Author Archives: Mark Kersten

About Mark Kersten

Mark is a PhD student in International Relations at the London School of Economics. His work focuses on the nexus of international criminal justice and conflict resolution. Specifically, he is examining the effects of the ICC on peace processes and negotiations in northern Uganda and Libya.

What Counts as Evidence of Syria’s War Crimes?

Over the past couple of weeks, I have been ‘investigating’ ongoing efforts by private non-governmental organizations to document and collect evidence of war crimes and crimes against humanity in Syria. The following is a snippet from an article that I … Continue reading

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Posted in Human Rights, International Criminal Court (ICC), Justice, Syria, UN Commission of Inquiry on Syria, War crimes | Tagged , | Leave a comment

The ICC, Israel, and Palestine – The Time Has Come The Walrus Said To Talk of Many Things

Toby Cadman joins JiC for this guest-post on why there is seemingly a reluctance on the part of the Palestinian Authority to sign the Rome Statute of the International Criminal Court (ICC).  Toby is a barrister from 9 Bedford Row. He is defence counsel at the Bangladesh … Continue reading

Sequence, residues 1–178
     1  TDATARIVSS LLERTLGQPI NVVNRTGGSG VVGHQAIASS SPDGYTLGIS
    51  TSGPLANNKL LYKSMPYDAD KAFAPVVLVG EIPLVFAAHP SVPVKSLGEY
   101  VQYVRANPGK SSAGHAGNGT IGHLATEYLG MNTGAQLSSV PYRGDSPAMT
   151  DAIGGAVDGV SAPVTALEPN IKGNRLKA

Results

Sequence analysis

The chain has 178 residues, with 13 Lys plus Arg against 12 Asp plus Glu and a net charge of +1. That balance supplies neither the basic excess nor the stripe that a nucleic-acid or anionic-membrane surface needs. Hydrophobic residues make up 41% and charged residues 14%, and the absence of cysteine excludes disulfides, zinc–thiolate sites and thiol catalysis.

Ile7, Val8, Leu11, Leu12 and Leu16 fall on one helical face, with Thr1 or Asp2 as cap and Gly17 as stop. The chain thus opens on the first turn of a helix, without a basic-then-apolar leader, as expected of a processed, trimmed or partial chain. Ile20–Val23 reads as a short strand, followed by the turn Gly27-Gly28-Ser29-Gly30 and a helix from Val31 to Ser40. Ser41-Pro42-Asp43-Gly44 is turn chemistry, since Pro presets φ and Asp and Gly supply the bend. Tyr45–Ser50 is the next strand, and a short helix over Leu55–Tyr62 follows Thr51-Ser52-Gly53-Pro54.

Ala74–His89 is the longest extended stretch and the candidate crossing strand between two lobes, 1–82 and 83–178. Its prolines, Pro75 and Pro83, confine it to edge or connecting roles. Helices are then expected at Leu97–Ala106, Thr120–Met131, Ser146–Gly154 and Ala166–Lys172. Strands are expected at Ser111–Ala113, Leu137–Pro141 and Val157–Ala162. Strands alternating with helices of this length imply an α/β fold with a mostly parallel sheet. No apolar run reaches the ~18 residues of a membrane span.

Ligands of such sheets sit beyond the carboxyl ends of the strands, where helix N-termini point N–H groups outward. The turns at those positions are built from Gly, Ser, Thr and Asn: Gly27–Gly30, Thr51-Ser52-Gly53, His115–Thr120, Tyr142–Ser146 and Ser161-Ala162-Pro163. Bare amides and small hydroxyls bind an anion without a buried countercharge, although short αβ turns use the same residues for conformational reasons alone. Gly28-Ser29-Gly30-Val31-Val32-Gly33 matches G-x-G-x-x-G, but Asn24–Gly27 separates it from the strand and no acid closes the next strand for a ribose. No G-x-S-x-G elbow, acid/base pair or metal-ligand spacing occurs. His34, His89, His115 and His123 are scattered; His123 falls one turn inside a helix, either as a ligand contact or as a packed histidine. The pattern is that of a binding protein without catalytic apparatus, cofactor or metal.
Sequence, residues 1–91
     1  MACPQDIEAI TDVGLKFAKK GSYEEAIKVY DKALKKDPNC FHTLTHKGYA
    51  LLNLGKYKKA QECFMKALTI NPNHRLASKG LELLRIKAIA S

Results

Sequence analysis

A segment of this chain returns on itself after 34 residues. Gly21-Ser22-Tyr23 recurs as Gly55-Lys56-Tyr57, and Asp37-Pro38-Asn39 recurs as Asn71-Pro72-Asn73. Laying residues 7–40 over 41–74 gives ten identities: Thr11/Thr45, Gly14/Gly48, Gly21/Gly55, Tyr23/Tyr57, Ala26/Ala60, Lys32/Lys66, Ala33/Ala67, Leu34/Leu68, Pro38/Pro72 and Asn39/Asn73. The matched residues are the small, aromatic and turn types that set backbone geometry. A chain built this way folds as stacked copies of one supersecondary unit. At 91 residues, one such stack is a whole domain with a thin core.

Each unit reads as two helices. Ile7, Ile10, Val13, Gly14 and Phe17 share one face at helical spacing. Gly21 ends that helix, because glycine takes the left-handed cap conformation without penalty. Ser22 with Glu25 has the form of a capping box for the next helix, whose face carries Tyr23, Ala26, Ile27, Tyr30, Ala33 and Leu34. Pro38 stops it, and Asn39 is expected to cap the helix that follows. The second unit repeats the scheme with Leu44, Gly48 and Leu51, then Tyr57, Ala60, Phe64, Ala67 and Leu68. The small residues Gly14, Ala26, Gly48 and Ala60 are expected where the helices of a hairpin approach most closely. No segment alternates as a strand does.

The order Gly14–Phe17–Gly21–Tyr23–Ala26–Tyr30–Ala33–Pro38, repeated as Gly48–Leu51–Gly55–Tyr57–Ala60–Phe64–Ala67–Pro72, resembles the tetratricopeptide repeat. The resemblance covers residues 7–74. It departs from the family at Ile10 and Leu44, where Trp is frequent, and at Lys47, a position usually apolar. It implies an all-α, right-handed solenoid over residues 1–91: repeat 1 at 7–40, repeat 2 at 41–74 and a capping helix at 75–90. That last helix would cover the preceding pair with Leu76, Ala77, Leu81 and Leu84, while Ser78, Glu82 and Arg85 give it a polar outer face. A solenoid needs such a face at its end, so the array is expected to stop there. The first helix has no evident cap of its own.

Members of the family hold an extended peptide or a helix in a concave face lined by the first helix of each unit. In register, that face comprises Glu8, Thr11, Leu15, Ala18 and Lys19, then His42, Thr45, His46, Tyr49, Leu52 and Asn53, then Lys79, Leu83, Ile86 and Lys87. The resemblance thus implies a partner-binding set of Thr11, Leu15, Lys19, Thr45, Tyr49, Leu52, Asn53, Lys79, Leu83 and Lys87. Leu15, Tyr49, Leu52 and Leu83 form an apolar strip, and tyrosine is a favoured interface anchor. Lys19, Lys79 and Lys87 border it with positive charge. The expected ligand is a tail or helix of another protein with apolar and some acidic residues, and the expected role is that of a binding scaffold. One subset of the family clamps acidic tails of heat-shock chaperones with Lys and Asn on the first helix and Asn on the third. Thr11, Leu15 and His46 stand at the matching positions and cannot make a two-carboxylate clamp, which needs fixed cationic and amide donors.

Posted in Guest Posts, Human Rights, International Criminal Court (ICC), Israel, Palestine, Palestine and the ICC | Tagged | Leave a comment

JiC Hits a Million Hits

At some point last week, Justice in Conflict reached an important landmark: its one-millionth hit. I wanted to take this opportunity to thank all of our readers for your interest and support. It means the world to me. The blog … Continue reading

Posted in JiC News | 3 Comments

An Uncomfortable Look in the Mirror: Canada in the World, Before and After the Ottawa Shootings

Amongst many Canadians, a popular response to the shootings in Ottawa that claimed the life of Nathan Cirillo earlier this week has been: “This doesn’t happen here… This is Canada.” And that’s true enough. Political violence of the sort we … Continue reading

Posted in Canada | Tagged | 10 Comments

The ICC, Kenyatta and African States

It has been a dramatic and remarkable few days at the International Criminal Court (ICC). For the first time ever, an elected President appeared before the Court. So concerned was Kenyan President Uhuru Kenyatta that, on the eve of his appearance … Continue reading

Posted in Justice, Kenya, Kenya and the ICC | Tagged , | 8 Comments

The Complementarity Turn in International Criminal Justice

It is no secret. The last few months and years have not been kind to the International Criminal Court (ICC). Fairly or not, the Court has been the target of a growing chorus of criticisms which insist that it unfairly targets African states … Continue reading

Posted in Complementarity, ICC Prosecutor, International Criminal Court (ICC), International Criminal Justice | 4 Comments

Justifying Justice: Verdicts at the ECCC

Kirsten Ainley, an Assistant Professor of International Relations at the LSE and the Director of the Centre for International Studies, joins JiC for a guest-post on the recent verdicts at the Extraordinary Chambers in the Courts of Cambodia. Kirsten has published on the … Continue reading

Posted in Cambodia, Extraordinary Chambers in the Courts of Cambodia (ECCC), Human Rights, International Law, Justice, Transitional Justice | Tagged | 2 Comments